How it works

Mycophenolate works to suppress the immune system. In autoimmune myasthenia, specific antibodies that block the acetylcholine receptor are produced and prevent communication between muscle and nerves cells. Mycophenolate targets the production of white blood cells called lymphocytes, which are responsible for producing antibodies. A reduction in antibodies allows normal communication between muscle and nerve cells to continue, and also lets muscle cells heal, improving muscle strength.

How it is delivered

Mycophenolate is delivered orally and prescribed based on body weight. It can come in pill or syrup form. If you miss a dose of mycophenolate, take it as soon as you can, but never at the same time you are due your next dose.

When you have it

Mycophenolate is generally prescribed to be taken daily at regular intervals.

Side effects

Common: constipation, nausea, vomiting, difficulty falling asleep or staying asleep, pain (especially in the back, muscles, or joints), headache, prickling, tingling, or burning feeling on the skin, tremor, swelling of the hands, arms, feet, ankles, or lower legs. If these symptoms persist, contact your doctor.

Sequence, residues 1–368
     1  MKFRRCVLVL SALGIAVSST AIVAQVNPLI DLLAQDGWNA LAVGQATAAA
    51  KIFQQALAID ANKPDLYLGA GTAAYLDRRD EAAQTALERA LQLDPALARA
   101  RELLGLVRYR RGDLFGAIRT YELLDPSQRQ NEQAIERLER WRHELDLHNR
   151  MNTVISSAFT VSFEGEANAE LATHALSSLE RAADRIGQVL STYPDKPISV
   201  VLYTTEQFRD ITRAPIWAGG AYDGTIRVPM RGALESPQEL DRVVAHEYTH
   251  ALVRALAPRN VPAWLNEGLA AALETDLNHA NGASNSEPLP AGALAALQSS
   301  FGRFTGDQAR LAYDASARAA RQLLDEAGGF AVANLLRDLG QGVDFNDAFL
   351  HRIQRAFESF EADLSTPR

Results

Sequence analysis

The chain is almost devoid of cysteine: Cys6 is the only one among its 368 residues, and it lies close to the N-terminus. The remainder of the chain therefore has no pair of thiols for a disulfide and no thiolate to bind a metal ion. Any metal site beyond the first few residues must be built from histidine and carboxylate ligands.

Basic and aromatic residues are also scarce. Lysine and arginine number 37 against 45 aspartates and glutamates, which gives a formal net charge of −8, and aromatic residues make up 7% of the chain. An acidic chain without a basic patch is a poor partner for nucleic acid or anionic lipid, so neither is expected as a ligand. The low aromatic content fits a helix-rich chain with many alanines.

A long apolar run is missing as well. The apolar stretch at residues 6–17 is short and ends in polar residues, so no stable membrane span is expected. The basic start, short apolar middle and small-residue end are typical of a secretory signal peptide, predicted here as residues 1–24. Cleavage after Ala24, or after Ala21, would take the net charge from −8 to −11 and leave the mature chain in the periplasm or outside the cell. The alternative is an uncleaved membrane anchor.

Adverse: sudden severe stomach pain, diarrhoea, difficulty breathing, chest pain, rash, itching, dizziness, fainting, pale skin, lack of energy, shortness of breath, fast heartbeat, unusual bleeding or bruising, vomiting, or spitting up blood, blood in urine, bloody or black tarry stools, fever, muscle, or joint stiffness or pain. If any of these symptoms occur, contact your doctor immediately.

Known UK suppliers

AAH Pharmaceuticals Ltd, Accord Healthcare Ltd, CST Pharma Ltd, DE Pharmaceuticals, Medihealth (Northern) Ltd, Phoenix Healthcare Distribution Ltd, Sigma Pharmaceuticals Plc, Tillomed Pharmaceuticals Ltd.

FAQ (what else do I need to know?)

Mycophenolate can cause birth defects and as such must not be taken by women who are pregnant or who may become pregnant. Men taking mycophenolate should use acceptable birth control during treatment and for at least 90 days after their last dose.

Immunosuppressant agents may increase the risk of infection, and it is important to notify your doctor if you develop persistent signs of infection.

Report any side effect you have to the Medicines Health and Regulatory Authority (MHRA) as part of their Yellow Card Scheme.

Click here to report a side effect to the MHRA.